When Jeff Kappel’s father Lester passed away this May just a few months shy of his 100th birthday, Jeff was faced with the decision of rehoming his father’s extensive collection of ships in a bottle. Ultimately he chose 19 items to donate to The Whaling Museum & Education Center in Cold Spring Harbor.
“I want it seen. My father collected for years and loved sharing his collection with people, and I want to continue that,” he said.
The art of ship in a bottle is a finely crafted and challenging folk art. The earliest surviving models date to the late 1700’s. Popularized by both American and European mariners who needed to pass long hours at sea, the creator would use a discarded bottle, bits of wood and other materials to create a tiny yet accurate model of a sailing ship.
With great patience for handiwork, the model was created with complete but collapsible rigging, which was inserted folded into the neck of a bottle, set into a painted diorama, and had the sails raised. Each ship in a bottle is unique, and was often created as a gift or souvenir. Retired seamen also maintained their skills by engaging in the hobby.
Lester Kappel spent a lifetime collecting ships in a bottle, some of which were loaned years ago to the Whaling Museum for a special exhibition about the craft.
Born in Brooklyn in 1923, Lester spent childhood summers in Long Beach. In 1939, his family moved to the area on Belmont Avenue. He attended Long Beach High School and studied aircraft mechanics at Roosevelt Aviation School in 1941 (where Roosevelt Field Mall is located today). He began working for Pan American Airlines, and served in the Navy for 18 months before transferring to the Army, where he worked on aircraft. After the war, he continued to work as an aircraft mechanic, as well as in his family’s printing business in Manhattan.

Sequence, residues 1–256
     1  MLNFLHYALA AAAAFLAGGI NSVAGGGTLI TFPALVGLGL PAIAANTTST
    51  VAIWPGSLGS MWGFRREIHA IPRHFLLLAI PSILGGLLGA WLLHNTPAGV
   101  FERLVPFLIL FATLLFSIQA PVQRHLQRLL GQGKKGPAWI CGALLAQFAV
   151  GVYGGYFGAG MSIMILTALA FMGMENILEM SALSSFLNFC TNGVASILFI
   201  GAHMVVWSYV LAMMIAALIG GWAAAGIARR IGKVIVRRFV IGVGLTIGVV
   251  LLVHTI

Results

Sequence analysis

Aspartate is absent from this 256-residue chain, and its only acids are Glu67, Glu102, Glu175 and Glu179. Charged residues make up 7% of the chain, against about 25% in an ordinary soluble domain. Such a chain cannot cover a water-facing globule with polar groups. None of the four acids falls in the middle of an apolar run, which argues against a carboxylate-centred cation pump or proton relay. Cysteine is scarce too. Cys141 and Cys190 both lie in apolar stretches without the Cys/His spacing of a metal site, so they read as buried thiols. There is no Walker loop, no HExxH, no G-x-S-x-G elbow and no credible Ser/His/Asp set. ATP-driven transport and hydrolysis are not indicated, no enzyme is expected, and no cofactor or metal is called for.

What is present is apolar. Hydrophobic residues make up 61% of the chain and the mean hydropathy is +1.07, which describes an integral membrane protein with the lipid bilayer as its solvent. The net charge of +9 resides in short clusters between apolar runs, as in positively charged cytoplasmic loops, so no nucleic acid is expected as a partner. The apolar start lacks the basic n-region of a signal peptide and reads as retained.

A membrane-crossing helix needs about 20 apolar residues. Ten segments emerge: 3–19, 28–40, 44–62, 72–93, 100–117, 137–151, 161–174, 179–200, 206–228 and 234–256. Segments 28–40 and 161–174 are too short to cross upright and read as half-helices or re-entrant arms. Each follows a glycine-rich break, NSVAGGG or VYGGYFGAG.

For 65 years, Lester was a member of the Point Lookout/Lido Fire Department, serving as Captain of the Lido company and fire commissioner for over five decades. He also joined the staff of the Long Beach Public Library in 1983.
The largest ship in a bottle in the collection “was found in Queens for $24. Whenever my father traveled, he would look for ships in a bottle to collect — and yet here in Queens was this find!”
Lester Kappel was not only a collector of ships in a bottle. He and his wife filled their home with antique firefighting equipment, wooden duck decoys, artwork, glass bottles, and household objects such as glove stretchers. The walls of his kitchen are lined with antique and vintage kitchen tools.
“We are very thankful to Jeff and the Kappel family for gifting these remarkable items to The Whaling Museum’s collection,” says Nomi Dayan, Executive Director. “This is a significant moment in helping us preserve and promote a unique part of our maritime heritage.”
A selection of ships in a bottle from this collection will be exhibited in the Museum’s craft workshop by September of this year and will be on display thereafter.
The Whaling Museum, 301 Main St., Cold Spring Harbor is open in the summer from Tuesday to Sunday from 11 a.m. to 4 p.m. Beginning Sept. 3rd, the museum will be open from Thursday to Sunday from 11 a.m. to 4 p.m. For more informtion, call 631-367-3418 or visit www.cshwhalingmuseum.org.